By Maren Pauli
Utsunomiya, 80km north of Tokyo, is famous for one thing: gyoza. I discovered this recently when I mentioned to a friend that I would be staying there for a night but didn’t really know anything about the place. “Gyoza!” she cried, “that’s all you need to know!”
So I did some online research and found out that, according to many bloggers from all corners of the earth, including all over Japan, Min Min, right by Utsunomiya Station, is the ichi-ban place to go for your pork-filled dumpling delights.
Min Min is indeed right by the station. In fact, it’s in the station carpark. There are several other gyoza restaurants nearby, all offering various deals on twelve-filling selection plates (honestly, I had no idea you could put so many things in a gyoza!). But, my research had highlighted Min Min so that’s where I went. It was the only restaurant in the vicinity with a queue; in fact it was the only restaurant with anyone in it at all. I figured I’d made the right choice.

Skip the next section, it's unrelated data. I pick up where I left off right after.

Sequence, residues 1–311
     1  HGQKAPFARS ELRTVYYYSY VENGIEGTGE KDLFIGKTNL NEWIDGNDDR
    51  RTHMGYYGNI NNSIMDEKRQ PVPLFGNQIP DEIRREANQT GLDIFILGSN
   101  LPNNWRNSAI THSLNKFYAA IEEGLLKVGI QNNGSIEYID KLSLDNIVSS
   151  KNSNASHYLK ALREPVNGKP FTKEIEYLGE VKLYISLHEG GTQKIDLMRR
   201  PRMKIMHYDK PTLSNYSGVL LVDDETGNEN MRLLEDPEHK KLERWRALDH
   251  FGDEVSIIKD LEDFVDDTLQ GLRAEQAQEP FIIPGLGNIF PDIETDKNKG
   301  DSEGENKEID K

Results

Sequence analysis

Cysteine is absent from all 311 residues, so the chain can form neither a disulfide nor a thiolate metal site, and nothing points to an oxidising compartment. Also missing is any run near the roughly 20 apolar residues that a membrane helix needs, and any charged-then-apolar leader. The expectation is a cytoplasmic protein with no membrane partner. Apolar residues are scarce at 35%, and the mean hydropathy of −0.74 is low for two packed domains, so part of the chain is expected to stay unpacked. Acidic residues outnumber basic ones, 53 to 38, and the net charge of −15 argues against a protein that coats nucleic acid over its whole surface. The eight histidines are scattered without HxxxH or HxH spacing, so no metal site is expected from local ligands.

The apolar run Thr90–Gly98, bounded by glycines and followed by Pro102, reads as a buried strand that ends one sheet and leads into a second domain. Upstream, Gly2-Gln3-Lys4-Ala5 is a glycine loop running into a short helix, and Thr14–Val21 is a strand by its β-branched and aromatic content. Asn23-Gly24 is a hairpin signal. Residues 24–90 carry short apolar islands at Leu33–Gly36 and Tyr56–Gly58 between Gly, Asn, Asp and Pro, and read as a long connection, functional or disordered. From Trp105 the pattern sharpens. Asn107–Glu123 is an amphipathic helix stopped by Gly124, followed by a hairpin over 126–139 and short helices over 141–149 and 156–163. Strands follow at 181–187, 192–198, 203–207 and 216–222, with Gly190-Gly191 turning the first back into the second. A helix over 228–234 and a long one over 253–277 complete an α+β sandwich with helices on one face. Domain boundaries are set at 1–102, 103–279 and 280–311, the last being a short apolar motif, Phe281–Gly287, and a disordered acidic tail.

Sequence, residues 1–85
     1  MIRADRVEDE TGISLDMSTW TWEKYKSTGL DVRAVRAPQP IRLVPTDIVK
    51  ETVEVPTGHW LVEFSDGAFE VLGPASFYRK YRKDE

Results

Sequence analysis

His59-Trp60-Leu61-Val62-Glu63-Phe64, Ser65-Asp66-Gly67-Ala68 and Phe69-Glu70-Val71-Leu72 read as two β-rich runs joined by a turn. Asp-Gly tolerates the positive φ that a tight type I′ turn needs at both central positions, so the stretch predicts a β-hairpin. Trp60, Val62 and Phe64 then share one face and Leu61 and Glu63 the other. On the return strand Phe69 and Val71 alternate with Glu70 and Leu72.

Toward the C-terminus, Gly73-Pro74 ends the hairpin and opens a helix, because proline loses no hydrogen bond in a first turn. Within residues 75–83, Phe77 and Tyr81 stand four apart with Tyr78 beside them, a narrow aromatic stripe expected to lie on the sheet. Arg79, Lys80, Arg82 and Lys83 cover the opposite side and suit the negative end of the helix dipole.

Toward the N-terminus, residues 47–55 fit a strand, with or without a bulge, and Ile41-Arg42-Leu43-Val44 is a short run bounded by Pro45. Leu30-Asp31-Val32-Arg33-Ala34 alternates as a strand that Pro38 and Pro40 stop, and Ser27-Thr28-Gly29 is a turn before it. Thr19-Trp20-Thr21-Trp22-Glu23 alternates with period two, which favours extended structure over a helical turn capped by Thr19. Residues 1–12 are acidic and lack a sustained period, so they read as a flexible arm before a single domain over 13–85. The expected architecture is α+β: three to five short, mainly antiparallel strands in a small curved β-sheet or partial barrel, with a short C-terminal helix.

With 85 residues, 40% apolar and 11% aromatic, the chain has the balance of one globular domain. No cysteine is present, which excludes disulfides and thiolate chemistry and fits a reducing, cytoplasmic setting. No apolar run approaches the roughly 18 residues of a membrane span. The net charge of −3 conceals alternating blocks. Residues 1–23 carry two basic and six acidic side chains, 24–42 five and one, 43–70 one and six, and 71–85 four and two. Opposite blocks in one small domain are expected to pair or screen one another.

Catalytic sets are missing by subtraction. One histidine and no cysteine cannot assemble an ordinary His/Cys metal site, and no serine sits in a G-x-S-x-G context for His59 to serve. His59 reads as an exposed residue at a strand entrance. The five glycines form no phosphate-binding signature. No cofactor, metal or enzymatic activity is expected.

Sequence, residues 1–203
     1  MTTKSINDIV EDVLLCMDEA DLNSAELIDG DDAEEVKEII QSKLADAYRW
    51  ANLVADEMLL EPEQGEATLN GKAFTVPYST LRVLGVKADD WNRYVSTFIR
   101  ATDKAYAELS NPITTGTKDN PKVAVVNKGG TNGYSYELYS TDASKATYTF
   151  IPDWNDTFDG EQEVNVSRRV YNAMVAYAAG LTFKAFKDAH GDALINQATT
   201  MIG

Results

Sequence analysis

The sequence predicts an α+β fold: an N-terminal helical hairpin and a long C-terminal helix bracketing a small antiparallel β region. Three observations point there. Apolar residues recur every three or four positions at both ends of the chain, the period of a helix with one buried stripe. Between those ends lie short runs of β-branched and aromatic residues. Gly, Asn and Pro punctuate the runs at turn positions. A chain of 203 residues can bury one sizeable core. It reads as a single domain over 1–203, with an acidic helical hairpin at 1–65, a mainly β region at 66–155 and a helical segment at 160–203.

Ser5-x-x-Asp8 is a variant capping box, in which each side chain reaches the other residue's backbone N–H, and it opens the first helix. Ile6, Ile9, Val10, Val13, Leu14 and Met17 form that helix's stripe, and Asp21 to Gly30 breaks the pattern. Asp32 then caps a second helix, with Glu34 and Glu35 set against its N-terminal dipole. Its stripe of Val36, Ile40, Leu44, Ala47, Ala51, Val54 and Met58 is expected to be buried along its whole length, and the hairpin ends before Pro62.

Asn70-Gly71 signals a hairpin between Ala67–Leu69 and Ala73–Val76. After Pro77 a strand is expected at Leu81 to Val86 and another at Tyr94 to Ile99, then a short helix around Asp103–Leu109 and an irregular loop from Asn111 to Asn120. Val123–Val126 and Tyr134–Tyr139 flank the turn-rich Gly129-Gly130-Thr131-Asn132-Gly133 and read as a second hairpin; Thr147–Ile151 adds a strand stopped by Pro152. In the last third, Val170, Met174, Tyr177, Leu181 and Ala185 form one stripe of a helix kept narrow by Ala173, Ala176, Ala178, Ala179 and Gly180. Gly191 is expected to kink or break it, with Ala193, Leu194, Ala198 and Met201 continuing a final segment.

The menu at Min Min is simple: pan-fried gyoza; deep-fried gyoza; water-boiled gyoza; rice; beer; juice. What more could you need? I was with my other half and this was our pre-dinner ‘snack’ so we decided that two out of the three varieties would suffice. Being the health-conscious Brits that we are, we naturally went for the two fried options. And a beer of course, to make it a well-balanced snack.
I expect that a restaurant that offers only three dishes plus rice knows what it’s doing with those three dishes. And Min Min does. The deep-fried gyoza were small, rich but not oily, golden parcels, while the pan-fried gyoza were plump and juicy, with a delicate crispy bottom. Delicious. And at 240 yen for six, excellent value too.
When we left Min Min around 6.30pm, the queue had quadrupled in size as people presumably came between finishing work and catching the train home. The restaurant shuts at 8pm, so caters perfectly for the evening rush hour. If the queue for a table is too long and you just can’t bear to wait, Min Min offers a takeaway service from a counter next to the main entrance. You can also get your omiyage (souvenir) gyoza boxes, which can be ordered either at your table, or from the takeaway counter. These can be cooked the same three ways as on the menu, or left raw for you to jazz up as you will.
A potentially uneventful stay in Utsunomiya was turned into an evening to remember thanks to the gyoza, especially those at Min Min. If you’re passing through, you’ve got to try them!
Was this article helpful?